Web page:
Indiana Law Annotated Vol. 17 No. 12 November 15, 1999

Table of Contents


Who are those people whose photographs are on the first-floor wall? In this series of profiles, we introduce you to the members of the Academy of the Law Alumni Fellows. The Fellows are the recipients of the highest honor the Law School bestows on its alums. We hope that each profile will help you reflect on the successes of our alumni as well as some possibilities that are ahead for you.

It must have taken enormous courage for seventeen- year-old Tamar Althouse to leave the security of her home in Evansville to enter Indiana University to study law. She had no role models and no mentors, for she was the first woman to graduate from the IU Law School. She returned to her home after the completion of her studies and waited one year until she reached twenty-one to be admitted to the bar in 1893.

She accepted a position in the law offices of J.E. Williamson in Evansville and became the first woman to practice law in Vanderburg County. She continued to practice law and to supplement her income by serving as a court reporter. In 1911, she served on the staff of State Speaker of the House, Al Venaman, and in 1924 accepted an assignment with the Indiana Public Service Commission.

Miss Althouse's legal career must be viewed from the perspective of her time. The Nineteenth Amendment was ratified in 1920, twenty-eight years after Miss Althouse graduated from Law School. By 1900, only thirty-eight states admitted women to the bar. Women then were believed to be unfit physically and mentally to become litigators.

Finding her career as Evansville's only female lawyer solitary, Miss Althouse sought out women in other profession and in 1914 was one of the founding members of the first women's Rotary. She served as its president twice and helped women in Indianapolis and elsewhere organize women's Rotaries, taking their charter and principles from the Evansville club.

In the mid-1920s, Tamar Althouse Scholz retired from the practice of law to devote much of her time to the care of her husband, a prominent Evansville businessman. Although her professional activities were reduced, she continued to influence women's business and professional groups until her death in 1936.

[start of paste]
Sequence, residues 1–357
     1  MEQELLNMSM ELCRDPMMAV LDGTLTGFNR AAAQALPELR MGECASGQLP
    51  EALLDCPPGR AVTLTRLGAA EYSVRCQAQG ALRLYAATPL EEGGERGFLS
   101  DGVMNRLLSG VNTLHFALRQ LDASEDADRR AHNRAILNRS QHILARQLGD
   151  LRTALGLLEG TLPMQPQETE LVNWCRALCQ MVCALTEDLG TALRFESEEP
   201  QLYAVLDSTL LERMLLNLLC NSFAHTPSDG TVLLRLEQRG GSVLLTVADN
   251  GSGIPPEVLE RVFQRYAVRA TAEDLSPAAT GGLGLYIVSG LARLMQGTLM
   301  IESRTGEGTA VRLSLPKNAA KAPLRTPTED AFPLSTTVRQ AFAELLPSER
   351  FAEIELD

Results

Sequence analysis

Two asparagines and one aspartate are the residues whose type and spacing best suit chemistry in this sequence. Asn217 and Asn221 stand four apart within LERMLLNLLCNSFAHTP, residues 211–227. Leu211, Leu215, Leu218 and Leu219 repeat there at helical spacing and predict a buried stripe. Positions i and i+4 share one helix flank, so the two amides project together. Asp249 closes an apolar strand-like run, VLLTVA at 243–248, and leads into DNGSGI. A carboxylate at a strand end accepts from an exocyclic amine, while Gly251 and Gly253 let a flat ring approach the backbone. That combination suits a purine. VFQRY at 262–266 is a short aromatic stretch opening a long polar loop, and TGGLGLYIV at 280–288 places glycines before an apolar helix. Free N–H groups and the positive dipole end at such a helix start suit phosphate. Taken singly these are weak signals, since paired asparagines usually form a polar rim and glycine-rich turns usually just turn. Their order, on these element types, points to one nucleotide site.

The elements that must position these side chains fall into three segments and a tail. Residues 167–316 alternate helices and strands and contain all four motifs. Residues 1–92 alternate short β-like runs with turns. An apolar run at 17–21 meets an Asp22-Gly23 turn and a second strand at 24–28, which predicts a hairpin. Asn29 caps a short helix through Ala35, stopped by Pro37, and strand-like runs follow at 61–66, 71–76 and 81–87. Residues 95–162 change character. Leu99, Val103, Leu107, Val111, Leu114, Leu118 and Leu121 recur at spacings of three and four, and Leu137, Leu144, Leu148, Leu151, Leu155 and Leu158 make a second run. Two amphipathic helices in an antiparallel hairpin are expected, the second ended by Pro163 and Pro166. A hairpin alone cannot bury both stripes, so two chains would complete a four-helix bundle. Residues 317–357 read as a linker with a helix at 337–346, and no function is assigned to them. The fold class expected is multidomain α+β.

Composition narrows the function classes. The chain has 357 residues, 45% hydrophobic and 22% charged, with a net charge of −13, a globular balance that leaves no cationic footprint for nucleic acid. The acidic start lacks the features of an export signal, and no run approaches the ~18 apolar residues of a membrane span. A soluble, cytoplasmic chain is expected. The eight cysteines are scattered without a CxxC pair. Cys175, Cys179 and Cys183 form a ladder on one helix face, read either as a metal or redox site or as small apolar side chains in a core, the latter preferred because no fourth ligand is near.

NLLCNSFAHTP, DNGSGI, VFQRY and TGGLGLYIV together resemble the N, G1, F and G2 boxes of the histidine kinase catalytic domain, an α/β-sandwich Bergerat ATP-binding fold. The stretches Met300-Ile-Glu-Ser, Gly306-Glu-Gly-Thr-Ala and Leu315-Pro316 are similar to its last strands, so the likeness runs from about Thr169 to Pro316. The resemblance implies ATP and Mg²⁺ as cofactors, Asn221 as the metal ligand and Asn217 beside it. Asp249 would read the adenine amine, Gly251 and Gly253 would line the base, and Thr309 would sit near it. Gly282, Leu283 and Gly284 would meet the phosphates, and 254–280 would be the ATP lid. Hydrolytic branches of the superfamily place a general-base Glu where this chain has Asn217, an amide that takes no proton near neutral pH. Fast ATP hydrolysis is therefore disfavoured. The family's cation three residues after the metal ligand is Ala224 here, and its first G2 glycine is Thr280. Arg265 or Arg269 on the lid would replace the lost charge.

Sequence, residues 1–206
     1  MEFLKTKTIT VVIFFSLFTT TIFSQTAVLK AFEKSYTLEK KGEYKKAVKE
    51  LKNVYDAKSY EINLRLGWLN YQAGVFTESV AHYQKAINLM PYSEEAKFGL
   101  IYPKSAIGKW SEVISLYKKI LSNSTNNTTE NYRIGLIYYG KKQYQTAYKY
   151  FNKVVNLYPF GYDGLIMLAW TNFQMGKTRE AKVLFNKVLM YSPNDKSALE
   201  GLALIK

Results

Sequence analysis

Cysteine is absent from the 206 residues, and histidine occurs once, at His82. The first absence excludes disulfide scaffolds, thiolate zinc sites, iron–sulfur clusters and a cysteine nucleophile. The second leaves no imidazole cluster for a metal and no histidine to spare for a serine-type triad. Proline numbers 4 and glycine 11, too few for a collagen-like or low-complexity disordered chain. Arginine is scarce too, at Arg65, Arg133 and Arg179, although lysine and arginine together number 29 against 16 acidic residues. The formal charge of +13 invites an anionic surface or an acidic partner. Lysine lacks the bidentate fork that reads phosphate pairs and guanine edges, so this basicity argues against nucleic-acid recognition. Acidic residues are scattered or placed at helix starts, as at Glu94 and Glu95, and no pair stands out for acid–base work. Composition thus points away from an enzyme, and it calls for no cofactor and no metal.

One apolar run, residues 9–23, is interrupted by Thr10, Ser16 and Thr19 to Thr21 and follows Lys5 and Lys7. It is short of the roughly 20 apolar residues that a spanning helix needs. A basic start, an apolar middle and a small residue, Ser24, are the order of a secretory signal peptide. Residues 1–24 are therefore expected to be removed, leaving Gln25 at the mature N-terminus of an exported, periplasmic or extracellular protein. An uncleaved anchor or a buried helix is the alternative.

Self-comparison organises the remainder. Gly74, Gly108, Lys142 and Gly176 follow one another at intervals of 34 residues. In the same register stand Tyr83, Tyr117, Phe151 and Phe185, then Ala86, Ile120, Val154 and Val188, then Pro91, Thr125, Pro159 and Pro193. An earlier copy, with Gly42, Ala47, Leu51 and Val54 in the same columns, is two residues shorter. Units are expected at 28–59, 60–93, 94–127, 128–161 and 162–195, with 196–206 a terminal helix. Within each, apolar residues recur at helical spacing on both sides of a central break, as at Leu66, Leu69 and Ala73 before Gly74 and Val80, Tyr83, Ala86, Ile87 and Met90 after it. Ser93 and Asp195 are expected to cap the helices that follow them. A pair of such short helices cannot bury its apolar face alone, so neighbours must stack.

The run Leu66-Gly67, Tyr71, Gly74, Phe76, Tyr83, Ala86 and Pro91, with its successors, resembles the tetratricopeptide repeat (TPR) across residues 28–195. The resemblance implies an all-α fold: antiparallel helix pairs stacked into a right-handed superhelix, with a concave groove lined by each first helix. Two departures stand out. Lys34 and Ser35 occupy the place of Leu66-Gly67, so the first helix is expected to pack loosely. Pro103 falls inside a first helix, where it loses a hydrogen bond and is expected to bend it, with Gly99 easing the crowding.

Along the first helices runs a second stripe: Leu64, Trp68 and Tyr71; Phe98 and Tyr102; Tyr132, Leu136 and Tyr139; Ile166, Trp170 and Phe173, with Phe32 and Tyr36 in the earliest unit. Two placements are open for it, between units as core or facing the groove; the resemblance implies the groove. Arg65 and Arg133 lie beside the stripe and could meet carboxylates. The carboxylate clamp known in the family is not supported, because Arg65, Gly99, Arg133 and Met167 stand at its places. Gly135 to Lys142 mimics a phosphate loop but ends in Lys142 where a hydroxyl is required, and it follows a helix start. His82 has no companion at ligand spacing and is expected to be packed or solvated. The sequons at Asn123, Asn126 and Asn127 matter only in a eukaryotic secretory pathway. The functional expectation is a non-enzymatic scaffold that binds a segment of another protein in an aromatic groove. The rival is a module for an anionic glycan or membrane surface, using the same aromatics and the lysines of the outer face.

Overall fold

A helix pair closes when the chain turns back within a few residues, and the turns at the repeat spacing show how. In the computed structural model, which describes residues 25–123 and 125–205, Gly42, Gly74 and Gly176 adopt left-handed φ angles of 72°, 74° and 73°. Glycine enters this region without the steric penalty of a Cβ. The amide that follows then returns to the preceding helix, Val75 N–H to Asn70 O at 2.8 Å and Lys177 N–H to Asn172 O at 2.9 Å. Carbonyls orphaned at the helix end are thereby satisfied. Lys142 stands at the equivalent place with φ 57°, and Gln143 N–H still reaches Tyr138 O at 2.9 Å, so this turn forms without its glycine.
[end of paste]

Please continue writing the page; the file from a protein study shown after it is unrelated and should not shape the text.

It is appropriate to remember the pioneering role in the history of legal education played by Tamar Althouse Scholz.


Professor Cate delivered a paper on Privacy and the Regulation of Personal Information at Georgetown University's McDonough School of Business on Nov.4.

He testified on the Implications of Online Profiling Technology for User Privacy and on The Role of Self-Regulation at a joint hearing held by the Federal Trade Commission and the Department of Commerce on Nov. 8.

Professor Cate also appeared on a panel on New State Consumer Privacy Initiatives at the Privacy and American Business Annual Conference in Washington on Nov. 9.

Professor Susan William's most recent article, "Truth, Speech, and Ethics" has been published electronically in a journal called "Genders." If you are interested, you can find it on the web at


The Indiana Conflict Resolution Institute (ICRI) will be hosting a brownbag presentation on Thursday, Nov. 18, with Tony Belak. He will be speaking about mediation in federal agencies.

Mr. Belak, former Regional Counsel for the Department of Veterans Affairs, is currently the Department's Senior Counsel for Dispute Resolution. He is a mediator and adjunct faculty at both the University of Louisville Louis D. Brandeis School of Law and the IU Southeast College of Business.

Please join the ICRI at SPEA, Room 300 at 12:00 p.m. Cookies and soft drinks will be provided.

William Burnett Harvey, 77, of Boston, died Oct. 27 at Beth Israel-Deaconess Medical Center.

He was born in Greenville, SC and raised in Erwin, TN. He was a Navy veteran of World War II, a graduate of Wake Forest College, and received a degree in law from the University of Michigan. He served as Dean of IU School of Law from 1966 to 1971, and joined Boston University Law School faculty in 1973. In 1982 he became general counsel of Boston University, retiring in 1987.

He was interested in African legal systems and wrote "An Introduction to the Legal Systems of East Africa" and "Law and Social Change in Ghana."

Survivors include his wife, Mary Louis Harvey; daughter, Anne Taylor of Newton, MA; son, Kent Harvey of Hamden, CT; and two grand-daughters.

Memorial services will be 1:00 p.m., Friday, Nov. 19, at Emmanuel Church in Boston.

Memorial contributions may be made to Wake Forest University, Winston-Salem, NC, for the purpose of student financial aid.

Requests for room reservations may be sent to Denise at bl- events-law@ When placing your request, be sure to include the name of the event (along with the group's name, if applicable), the date and time of the event, the expected number of attendees, and the particular room you are requesting. Please give at least 5 days advance notice of your request. All requests will be confirmed via email within 48 hours of the request.

Requests for AV services may be sent to Beth at av@exchange. Please include the name of your group and the e-mail address of the contact person, a description of what you want to do, and the date, location, starting time and duration of the event. Requests must be made at least 48 hours in advance and will be confirmed by email.


Monday, Nov. 15, Indiana State Bar applications due, Recorder's Office.

Thursday, Nov. 18, Tony Belak, 12:00 p.m., SPEA, Room 300.

Updated: 12 November 1999